A three-year project will research ways to support later-life creativity and creative technology solutions for an ageing population.
A new agency has been given £250,000 to develop, support and advocate for ‘creative ageing’ across the UK, “emphasising its importance” to policymakers.
The three-year project funded by the Baring Foundation and delivered by a partnership between Manchester Museum, the University of Manchester, Greater Manchester Combined Authority and the Greater Manchester Ageing Hub, will undertake three year-long investigations. One will examine the intersection of age and diversity in the cultural sector, another will look at ways to support later-life creativity, and a third will investigate creative technology solutions for an ageing population.
Manchester Museum Director Esme Ward said the partnership is now recruiting for the centre’s Director, and hopes the successful candidate will “hit the ground running” early in 2020.
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Ward, who is also the culture lead on the Greater Manchester Ageing Hub, says the city has made great strides in this field through a citizen-led programme of work over the past 10 years. This has led to it being recognised as the UK’s first age-friendly city by the World Health Organisation. The region’s age-friendly strategy includes plans to increase older residents’ engagement with arts activities and establish a world-first Centre for Age-Friendly Culture.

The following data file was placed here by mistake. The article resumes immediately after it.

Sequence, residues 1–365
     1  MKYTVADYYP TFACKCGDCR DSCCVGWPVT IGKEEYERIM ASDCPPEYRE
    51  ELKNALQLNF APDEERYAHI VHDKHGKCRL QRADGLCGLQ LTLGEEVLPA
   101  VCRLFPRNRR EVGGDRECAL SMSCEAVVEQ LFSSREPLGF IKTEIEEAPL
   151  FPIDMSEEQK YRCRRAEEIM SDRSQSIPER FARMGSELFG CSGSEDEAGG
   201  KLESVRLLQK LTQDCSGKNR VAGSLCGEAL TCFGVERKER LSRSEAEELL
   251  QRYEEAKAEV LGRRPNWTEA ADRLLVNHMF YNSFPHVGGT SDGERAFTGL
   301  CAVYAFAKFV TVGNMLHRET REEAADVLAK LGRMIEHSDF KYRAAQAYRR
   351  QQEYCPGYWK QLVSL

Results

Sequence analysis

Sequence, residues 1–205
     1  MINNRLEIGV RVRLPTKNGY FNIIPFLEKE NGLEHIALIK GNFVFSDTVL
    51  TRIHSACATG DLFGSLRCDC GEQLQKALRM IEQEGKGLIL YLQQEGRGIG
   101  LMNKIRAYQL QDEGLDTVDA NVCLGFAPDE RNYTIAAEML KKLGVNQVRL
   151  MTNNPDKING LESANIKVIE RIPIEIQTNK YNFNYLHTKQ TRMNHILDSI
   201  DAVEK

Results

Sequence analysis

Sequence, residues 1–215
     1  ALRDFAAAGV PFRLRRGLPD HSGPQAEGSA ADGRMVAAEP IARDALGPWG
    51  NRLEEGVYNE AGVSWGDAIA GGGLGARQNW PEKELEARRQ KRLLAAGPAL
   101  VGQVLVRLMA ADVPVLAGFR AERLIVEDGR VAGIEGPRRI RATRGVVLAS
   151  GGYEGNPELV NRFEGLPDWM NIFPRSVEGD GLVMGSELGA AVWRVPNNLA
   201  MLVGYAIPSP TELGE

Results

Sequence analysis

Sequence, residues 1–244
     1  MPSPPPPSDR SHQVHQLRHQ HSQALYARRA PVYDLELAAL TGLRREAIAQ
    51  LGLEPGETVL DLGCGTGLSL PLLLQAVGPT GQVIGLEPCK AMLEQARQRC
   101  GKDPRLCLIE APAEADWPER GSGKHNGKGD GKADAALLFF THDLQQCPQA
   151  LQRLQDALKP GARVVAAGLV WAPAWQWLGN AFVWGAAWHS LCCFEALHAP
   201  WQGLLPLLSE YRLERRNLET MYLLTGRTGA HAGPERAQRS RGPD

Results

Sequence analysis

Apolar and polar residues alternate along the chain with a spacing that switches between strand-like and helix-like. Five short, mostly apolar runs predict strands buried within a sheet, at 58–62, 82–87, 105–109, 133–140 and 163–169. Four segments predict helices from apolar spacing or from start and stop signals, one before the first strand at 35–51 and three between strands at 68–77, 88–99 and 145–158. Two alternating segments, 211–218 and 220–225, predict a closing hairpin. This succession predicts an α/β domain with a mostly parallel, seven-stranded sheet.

“We were doing all that work anyway and then the Baring Foundation did the call out for a national agency to support organisations across England." Ward said that the Manchester partners "hummed and hawed about" whether they should have a national role before “acknowledging that we have significant expertise we can draw on.”
Supporting the sector
While the new agency is described as a sector support organisation, it will not form part of Arts Council England’s current National Portfolio. However, Ward did not rule out applying to become a National Portfolio Organisation in future.
For now, though, working outside the funder’s requirements gives it flexibility to explore new approaches to creative ageing practices: “It’s not an Ofsted for the cultural sector … It’s about connecting people, raising the support and raising the profile.”
Ward said much of the work around creative ageing currently is siloed and “not embedded in the core priorities of funders”.
“There is a core conversation to have here about who culture is for.”
It is hoped that the agency’s work will address what Ward called “intractable issues [with creative ageing] that the cultural sector hasn’t got to grips with”.
Its aims include broadening perceptions of older people to reflect the diversity within that demographic, creating new opportunities for older people to express their creativity, better understanding what forms and styles their creative output takes, and making their engagement with arts and culture as high a priority for funders as young peoples’ is.
Ward added: “this [project] speaks to some of the really big issues of our age. This is about the quality of your life perhaps more than the length of your life.
“[This is] a huge opportunity to shift the narrative around ageing.”